Memories of my Mother at 100 years old
This blog is in the honor of my Mother, Alta. If she had lived longer than 93, she would be 100 years old on December 6, 2017. We miss her so much, so on her birthday, our son, Steve and husband, Bill, and I will take a red poinsettia to her grave site. It’s also appropriate for Christmas because this was also a holiday that she loved.
What does one say about a life that was lived so long? My Mother was a lovely lady who grew up in North Carolina. She was Alta Ellis West Barker Bishop. Such a long name, but each part of the name was almost a life within a life. As Alta Ellis, she was the daughter of a farmer in N.C. Her Grandfather was a country doctor who ministered and saved lives during the American Civil War. Alta grew up with five siblings. Now there is only one of them with us today… my Uncle John who will soon be 95 and still playing golf. Hopefully I have some of their Ellis genes. My mother’s mind was sharp even until the day she died. So was her ability to laugh and make jokes. Her heart doctor came into her room to check on her and said, “Mrs. Bishop, you are looking great!” As he walked out, she turned to me and said, “Boy, is he a salesman!” Just that week she had consulted with her financial advisor and made her own decisions to enter Hospice for care if it was necessary. She died a few hours later.
There are so many details in remembering the life of my Mother.
- After graduating from high school at the age of 16, she left home to pursue a career in hair design and care.
- She married and had her only child at the age of 21. (That was me.)
- Alta was a patriot. During WWII, she worked in a munitions plant to help the war efforts.
- Always beautiful and glamorous, she opened her own hair styling business to give other women the same opportunity.
- During those years as a single parent, she worked hard to support me and better our lives.
- Two of her husbands died from illness and Mother always kept strong when facing adversity. I have tried to learn this value from her in some of my own difficulties.
- As an older woman, she lived with my husband and me for a number of years and was a loving Grandmother to our children and proud to be a great-grandmother. She always expected them to be loving, honest, appreciative and a part of the family.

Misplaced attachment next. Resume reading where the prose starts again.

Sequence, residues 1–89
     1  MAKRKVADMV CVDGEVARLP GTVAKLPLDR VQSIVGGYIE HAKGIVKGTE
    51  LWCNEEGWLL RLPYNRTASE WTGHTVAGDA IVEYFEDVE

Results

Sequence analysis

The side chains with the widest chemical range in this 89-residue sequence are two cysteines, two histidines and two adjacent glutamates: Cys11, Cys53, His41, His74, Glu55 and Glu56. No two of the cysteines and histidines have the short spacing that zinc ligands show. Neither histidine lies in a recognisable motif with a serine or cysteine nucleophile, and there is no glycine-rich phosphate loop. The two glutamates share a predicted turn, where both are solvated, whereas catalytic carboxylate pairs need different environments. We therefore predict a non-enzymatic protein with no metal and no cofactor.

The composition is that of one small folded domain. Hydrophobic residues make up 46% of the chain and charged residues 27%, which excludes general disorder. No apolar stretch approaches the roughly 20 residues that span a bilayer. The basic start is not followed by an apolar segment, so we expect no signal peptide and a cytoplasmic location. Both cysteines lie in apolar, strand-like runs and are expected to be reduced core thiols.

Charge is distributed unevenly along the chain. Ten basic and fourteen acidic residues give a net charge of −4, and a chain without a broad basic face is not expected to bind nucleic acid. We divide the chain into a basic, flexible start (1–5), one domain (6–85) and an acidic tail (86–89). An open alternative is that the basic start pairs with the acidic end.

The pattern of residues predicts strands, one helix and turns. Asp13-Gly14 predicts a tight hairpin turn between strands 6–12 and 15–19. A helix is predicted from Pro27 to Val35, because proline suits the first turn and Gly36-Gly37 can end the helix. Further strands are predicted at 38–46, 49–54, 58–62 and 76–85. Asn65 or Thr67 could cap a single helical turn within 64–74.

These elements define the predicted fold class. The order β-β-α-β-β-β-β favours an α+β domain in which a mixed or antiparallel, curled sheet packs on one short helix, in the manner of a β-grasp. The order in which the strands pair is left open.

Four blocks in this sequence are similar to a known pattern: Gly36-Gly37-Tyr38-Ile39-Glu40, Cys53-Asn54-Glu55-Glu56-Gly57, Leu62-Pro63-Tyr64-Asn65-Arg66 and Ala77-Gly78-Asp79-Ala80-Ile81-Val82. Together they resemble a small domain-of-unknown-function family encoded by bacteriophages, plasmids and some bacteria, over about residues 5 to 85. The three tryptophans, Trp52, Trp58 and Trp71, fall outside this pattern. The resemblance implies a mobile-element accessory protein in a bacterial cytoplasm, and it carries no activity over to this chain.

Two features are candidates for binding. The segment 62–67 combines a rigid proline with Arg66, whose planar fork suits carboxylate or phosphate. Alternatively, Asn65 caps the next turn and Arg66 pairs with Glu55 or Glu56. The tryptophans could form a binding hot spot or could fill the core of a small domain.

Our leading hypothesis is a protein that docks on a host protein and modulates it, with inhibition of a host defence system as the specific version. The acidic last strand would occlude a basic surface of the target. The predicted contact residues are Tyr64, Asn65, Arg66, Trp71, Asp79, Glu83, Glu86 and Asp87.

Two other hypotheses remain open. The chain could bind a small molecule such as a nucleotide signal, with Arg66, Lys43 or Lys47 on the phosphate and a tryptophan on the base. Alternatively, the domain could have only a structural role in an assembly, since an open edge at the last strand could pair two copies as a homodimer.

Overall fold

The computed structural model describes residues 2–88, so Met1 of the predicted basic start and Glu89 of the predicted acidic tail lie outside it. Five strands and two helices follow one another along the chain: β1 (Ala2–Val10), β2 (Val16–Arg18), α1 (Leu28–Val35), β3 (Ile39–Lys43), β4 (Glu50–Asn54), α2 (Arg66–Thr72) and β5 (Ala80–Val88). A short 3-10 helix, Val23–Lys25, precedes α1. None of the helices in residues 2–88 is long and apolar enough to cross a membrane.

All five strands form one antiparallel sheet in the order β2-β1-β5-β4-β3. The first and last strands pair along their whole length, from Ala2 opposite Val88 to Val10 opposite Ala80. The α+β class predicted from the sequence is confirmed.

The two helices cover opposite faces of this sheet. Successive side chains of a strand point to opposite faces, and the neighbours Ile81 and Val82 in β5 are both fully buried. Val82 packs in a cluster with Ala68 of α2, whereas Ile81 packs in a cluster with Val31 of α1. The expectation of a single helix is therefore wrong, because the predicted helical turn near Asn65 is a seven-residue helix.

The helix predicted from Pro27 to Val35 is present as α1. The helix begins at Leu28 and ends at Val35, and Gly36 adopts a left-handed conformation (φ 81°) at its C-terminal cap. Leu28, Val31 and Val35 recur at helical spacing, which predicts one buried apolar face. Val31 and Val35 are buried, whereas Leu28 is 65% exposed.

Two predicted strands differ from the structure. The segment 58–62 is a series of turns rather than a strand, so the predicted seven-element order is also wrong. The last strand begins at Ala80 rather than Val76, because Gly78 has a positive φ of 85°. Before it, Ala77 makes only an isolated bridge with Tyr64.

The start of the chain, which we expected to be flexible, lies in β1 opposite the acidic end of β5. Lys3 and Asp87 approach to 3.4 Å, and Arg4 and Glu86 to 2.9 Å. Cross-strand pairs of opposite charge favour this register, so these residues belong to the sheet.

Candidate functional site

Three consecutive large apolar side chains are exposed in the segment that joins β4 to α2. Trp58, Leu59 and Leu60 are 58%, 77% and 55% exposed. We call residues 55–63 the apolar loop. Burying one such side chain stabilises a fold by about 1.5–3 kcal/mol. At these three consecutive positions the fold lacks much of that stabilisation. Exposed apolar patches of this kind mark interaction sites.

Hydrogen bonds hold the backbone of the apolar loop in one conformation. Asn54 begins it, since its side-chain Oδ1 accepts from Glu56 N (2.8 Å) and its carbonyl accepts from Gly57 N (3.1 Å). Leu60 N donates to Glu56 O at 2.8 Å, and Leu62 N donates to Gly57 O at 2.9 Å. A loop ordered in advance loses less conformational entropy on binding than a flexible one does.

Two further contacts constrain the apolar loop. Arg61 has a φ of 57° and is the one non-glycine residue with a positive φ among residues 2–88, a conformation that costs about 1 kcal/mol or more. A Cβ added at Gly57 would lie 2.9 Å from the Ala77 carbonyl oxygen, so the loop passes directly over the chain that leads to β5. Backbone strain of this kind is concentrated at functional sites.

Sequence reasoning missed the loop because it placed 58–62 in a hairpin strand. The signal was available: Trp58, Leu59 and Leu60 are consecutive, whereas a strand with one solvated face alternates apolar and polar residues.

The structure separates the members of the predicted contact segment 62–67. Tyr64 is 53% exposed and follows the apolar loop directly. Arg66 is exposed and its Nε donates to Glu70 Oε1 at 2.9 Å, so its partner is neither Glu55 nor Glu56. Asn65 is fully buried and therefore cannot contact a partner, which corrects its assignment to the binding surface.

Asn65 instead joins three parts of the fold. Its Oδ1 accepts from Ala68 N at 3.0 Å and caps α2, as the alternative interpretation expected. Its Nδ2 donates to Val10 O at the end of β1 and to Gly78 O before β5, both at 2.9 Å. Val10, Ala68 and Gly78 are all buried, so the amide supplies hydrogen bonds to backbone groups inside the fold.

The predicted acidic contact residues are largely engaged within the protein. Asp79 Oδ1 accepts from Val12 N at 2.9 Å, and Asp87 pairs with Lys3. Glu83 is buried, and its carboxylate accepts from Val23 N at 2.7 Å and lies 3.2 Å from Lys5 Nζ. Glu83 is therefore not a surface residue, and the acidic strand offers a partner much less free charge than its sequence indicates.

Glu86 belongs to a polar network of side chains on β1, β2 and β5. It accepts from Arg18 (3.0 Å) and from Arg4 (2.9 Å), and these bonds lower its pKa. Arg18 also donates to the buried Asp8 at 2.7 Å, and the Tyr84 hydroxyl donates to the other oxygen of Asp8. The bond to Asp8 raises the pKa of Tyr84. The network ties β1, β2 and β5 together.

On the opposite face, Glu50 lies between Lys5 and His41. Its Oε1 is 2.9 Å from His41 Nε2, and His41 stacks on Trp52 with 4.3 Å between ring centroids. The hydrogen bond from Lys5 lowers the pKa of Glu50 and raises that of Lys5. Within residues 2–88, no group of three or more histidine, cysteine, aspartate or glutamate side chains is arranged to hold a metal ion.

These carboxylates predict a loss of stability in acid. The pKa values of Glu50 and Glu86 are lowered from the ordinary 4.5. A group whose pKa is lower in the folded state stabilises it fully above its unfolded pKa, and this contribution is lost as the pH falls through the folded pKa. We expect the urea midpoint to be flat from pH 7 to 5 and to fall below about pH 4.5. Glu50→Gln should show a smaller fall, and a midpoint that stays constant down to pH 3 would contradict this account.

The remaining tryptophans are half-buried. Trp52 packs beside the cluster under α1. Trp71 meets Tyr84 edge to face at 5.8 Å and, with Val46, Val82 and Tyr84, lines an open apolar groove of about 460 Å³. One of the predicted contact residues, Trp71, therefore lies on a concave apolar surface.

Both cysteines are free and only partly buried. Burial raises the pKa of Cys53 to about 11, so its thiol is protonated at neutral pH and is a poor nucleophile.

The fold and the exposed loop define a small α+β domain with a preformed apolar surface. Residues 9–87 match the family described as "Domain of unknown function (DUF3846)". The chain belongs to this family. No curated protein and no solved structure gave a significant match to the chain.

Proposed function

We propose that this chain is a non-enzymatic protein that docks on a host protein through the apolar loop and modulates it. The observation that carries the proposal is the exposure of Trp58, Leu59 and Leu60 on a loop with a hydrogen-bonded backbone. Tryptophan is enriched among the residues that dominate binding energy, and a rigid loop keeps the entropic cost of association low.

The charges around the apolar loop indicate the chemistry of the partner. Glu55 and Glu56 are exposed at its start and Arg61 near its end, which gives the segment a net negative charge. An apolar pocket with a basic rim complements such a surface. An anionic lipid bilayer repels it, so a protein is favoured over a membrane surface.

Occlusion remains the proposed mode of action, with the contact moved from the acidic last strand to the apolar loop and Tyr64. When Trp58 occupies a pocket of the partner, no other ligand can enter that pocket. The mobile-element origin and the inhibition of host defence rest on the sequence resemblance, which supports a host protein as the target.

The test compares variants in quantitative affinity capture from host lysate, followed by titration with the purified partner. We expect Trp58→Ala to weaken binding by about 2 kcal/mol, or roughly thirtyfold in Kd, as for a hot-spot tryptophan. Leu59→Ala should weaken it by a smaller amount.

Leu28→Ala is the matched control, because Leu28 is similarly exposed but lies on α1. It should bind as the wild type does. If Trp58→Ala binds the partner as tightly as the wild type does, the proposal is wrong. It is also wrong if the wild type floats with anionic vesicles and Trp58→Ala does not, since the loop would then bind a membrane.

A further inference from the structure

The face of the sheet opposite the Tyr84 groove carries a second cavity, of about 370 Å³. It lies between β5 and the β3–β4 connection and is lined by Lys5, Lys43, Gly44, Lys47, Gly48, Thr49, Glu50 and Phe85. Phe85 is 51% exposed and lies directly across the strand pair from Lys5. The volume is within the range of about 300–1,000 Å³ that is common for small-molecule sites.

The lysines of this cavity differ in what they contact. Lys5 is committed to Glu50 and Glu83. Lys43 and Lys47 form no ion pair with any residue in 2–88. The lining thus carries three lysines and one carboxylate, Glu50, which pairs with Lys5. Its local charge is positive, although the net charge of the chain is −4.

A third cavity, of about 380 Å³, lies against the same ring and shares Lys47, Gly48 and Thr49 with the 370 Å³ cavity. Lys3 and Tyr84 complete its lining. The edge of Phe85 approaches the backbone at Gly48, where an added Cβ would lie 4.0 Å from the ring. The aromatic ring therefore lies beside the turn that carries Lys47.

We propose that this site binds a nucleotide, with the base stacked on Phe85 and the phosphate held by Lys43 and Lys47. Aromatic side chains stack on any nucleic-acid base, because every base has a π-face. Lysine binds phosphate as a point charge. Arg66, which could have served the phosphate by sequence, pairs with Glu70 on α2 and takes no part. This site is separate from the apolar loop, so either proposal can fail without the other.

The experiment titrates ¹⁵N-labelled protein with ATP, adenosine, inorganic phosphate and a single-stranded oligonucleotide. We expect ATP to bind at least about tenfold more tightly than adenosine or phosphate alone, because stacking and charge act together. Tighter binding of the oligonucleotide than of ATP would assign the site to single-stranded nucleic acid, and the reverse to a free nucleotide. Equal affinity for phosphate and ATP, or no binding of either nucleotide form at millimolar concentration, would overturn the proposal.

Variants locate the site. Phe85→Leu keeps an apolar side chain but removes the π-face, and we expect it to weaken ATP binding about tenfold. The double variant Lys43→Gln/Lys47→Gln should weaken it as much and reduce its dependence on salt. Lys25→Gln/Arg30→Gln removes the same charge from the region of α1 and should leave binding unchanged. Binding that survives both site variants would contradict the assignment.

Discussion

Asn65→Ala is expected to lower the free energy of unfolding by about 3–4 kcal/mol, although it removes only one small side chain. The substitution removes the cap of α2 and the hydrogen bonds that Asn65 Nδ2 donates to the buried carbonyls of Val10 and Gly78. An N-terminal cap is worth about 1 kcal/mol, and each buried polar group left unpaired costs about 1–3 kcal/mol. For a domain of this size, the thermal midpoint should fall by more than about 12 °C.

We only have one birth mom. Alta was the one who gave me life. She saw me through some difficult times… never blaming or demanding…letting me, as an adult, make my choices for good or for bad. Perhaps that is why I have followed the same policy with my own children. In the end, I would never have knowingly hurt her. This is why I honor her today with these few memories for they are too many to count.
Thank you, Mother, for all that you have meant to Bill and me…as well as all of our family. I pray that my soul may be happily united with yours when the time comes. We miss you.
Slide show of Alta : Her love of the Blue Ridge Mountains of North Carolina and Virginia, her garden, the Florida beaches, her time cooking great meals for the family.
These words may describe her best: caring, consistent, giving, genuine. Just before her death, she asked my husband, Bill, to give her Holy Communion for she was ready to meet God. He did this and prayed with her. Her Christian faith was strong. We should all live our lives so that we may have this peaceful transition from this life to the next.
Probably her favorite scripture verse was John 3:16 “For God so loved the world that He gave His only Son, that whosoever believed in Him should not perish but have everlasting life.”
My Mother, Alta, wanted others to know the love of Christ that she knew…and the peace and joy knowing Him brings. We lift up her memory and the Cross that she cherished.
(Turn on sound)